Works and Days


"summer opportunity"

Experiencing Cuba: Sophie Naranjo-Rivera, President's Summer Fellowship Student

Arriving in Cuba was crazy. I had had a near nervous break down the day before, because I had been dreaming about Cuba for so long, and it was finally coming. It was the first time I had ever accomplished anything that big and important to me. I hadn't gotten much sleep and I was freaking out when the plane landed at the José Martí airport in Havana. Everyone was speaking to me in Spanish and I couldn't understand their thick Cuban accents properly. I was certainly not in the U.S. anymore. When I finally reached the other side of security, my family was waiting for me outside the exit among all of the other Cuban families. They recognized me right away, even though they haven't seen any recent pictures of me, because I look just like my grandma when she was younger, as I later came to find out. Driving through Havana for the first time was unreal. I was in a state of shock for the entire first day, as I spent the day talking with my family and taking naps. They were all so excited to have me there.


The strangest thing about Cuba was that everything was exactly as I expected. I had prepared for the opposite-I told myself not to expect anything and that everything would probably be different than I thought. Ironically, Cuba was just how I'd seen it, in my dreams at night, in books, in other people's stories. It was like I had been there before, and it felt not only incredible but very comfortable. Not to mention that everything there was absolutely beautiful. I thought maybe it only looked this way in pictures, but realized that photos of Cuba in tour books and on posters are actually extremely representative. Everything is tropical, there are fruit trees everywhere, pastel colored houses, old cars of bright colors with thick black smoke coming out of the tail pipes. I absolutely loved it. It truly was like going back in time 50 years, not just in how Cuba physically looked, but also in the country's abilities. For example, there was hardly any internet connection at all; it was just not apart of people's daily lives because it costs so much money there. Few people had cell phones and when they did they were not used often. Everything had to be done by phone or in person. Most people did not have cars. People walked around from house to house in their spare time-socializing, having fun, drinking coffee, playing chess or dominoes.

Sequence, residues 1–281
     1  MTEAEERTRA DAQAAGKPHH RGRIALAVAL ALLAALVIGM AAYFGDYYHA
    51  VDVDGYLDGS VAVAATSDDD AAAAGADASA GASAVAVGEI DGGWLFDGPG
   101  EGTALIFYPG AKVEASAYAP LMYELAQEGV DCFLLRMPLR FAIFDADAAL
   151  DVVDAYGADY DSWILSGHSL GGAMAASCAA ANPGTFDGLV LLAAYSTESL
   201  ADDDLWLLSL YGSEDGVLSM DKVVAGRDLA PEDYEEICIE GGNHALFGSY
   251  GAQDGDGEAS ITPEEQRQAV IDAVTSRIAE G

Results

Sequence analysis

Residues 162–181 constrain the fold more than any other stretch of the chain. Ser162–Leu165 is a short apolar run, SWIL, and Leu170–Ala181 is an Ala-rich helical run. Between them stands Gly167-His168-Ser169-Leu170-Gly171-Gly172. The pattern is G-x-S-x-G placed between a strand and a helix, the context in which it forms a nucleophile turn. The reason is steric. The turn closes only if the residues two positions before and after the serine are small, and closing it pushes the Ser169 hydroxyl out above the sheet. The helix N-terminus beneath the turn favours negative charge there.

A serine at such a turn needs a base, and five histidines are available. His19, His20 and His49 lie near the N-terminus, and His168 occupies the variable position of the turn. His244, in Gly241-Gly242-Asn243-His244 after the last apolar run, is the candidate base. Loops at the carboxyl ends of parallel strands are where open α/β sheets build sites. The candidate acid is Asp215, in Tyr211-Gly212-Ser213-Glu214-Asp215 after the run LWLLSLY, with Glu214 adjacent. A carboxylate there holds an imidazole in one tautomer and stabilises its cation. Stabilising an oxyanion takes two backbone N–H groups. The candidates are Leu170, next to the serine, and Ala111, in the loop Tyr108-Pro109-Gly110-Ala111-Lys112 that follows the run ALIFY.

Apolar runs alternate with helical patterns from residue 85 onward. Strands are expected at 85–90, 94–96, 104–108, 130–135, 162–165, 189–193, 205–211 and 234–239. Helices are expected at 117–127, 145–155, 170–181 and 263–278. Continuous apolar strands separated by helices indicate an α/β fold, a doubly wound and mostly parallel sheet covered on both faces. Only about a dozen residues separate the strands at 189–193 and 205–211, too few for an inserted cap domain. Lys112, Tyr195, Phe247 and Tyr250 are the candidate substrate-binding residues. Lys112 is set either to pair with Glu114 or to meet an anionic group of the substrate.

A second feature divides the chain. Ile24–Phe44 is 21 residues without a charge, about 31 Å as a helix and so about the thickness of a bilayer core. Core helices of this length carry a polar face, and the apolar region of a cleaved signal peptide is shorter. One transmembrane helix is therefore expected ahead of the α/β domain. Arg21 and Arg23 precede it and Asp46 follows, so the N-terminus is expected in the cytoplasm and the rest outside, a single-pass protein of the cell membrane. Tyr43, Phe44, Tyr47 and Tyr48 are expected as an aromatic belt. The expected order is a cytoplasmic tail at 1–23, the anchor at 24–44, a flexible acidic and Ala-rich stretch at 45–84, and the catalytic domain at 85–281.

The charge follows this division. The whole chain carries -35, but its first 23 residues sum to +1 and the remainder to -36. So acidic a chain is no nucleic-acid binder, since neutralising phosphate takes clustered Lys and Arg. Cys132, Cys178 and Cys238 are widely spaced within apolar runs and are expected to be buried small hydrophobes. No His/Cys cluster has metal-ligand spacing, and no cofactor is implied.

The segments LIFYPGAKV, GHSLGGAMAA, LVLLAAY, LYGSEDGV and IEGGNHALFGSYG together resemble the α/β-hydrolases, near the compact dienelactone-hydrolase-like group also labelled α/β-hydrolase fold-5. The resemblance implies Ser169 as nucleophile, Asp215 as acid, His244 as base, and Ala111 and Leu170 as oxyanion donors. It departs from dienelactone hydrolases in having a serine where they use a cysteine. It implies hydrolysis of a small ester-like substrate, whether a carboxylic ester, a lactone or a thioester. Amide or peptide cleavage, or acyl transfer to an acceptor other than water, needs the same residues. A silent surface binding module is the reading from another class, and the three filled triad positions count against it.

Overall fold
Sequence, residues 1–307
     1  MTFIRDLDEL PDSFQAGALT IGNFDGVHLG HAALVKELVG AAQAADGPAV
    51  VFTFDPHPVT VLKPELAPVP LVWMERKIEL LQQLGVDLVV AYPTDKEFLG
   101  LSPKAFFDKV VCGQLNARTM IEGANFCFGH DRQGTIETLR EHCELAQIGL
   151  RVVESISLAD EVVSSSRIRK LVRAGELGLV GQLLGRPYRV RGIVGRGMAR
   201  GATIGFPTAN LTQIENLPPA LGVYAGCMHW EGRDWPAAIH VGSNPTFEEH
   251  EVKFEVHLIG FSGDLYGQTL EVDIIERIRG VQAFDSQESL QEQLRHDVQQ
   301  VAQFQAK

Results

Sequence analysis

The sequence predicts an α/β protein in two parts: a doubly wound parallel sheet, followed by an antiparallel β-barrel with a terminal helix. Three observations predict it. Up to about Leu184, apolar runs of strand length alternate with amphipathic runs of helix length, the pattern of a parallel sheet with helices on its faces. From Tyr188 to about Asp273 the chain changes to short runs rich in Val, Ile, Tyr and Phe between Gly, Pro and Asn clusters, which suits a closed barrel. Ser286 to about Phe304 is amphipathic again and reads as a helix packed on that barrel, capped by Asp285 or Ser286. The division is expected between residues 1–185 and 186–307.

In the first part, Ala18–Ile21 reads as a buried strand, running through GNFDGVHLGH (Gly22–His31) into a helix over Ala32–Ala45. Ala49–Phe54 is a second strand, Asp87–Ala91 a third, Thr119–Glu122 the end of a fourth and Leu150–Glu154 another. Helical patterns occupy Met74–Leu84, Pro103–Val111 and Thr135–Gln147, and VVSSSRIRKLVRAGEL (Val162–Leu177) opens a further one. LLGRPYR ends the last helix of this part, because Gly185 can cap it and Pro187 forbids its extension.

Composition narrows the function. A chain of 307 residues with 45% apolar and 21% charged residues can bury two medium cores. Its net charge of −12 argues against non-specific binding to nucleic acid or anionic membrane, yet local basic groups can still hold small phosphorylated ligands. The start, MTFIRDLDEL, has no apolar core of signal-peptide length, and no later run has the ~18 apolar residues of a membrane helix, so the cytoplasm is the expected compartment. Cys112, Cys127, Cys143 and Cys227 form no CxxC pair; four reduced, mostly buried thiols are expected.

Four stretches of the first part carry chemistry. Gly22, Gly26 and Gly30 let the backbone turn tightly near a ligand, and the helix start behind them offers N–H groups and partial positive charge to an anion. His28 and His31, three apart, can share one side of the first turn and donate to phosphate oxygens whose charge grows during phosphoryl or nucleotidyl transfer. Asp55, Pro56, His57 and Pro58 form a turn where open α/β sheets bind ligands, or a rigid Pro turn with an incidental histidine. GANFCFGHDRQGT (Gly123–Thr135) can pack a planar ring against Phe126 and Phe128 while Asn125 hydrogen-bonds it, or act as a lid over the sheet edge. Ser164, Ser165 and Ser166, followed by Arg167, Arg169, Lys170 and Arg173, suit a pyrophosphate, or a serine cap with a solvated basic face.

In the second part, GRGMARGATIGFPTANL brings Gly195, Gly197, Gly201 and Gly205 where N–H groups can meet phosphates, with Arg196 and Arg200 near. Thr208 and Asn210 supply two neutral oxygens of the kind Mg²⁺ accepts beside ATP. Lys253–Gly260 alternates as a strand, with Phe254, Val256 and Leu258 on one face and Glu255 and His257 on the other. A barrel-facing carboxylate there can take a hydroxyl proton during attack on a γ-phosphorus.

Inside the Reed Summer GameJam, Hosted by Mark Chen '95

GameJammers test Joe Wasserman's econ-based barbershop game

Beginning August 1st, the small classroom in the Psychology building was transformed into a studio for aspiring Reed student and alumni game developers. The conversion of the tiny classroom into a software and tabletop game studio is without a doubt more mental than physical— the room remains largely empty, added décor consisting only of a mini-fridge topped with a bag of pretzels, a couple of pizza boxes, an empty coffee cup, and a “to do” list scrawled on the white board.

            “Maybe I should have tried to decorate. Put up some posters or something.” Mark Chen '95, who instigated this summer’s GameJam (which is sponsored by The Center for Life Beyond Reed and alumni & parent relations at Reed with help from colleagues in computer user services and facilities), remarked sheepishly at one point.

            But the lack of anything in the studio other than some snacks to refuel simply demonstrates the nature and focus of the GameJam. Fancy equipment or a specialized, personalized location is unnecessary. All that is needed for a successful GameJam is contained within the participants themselves.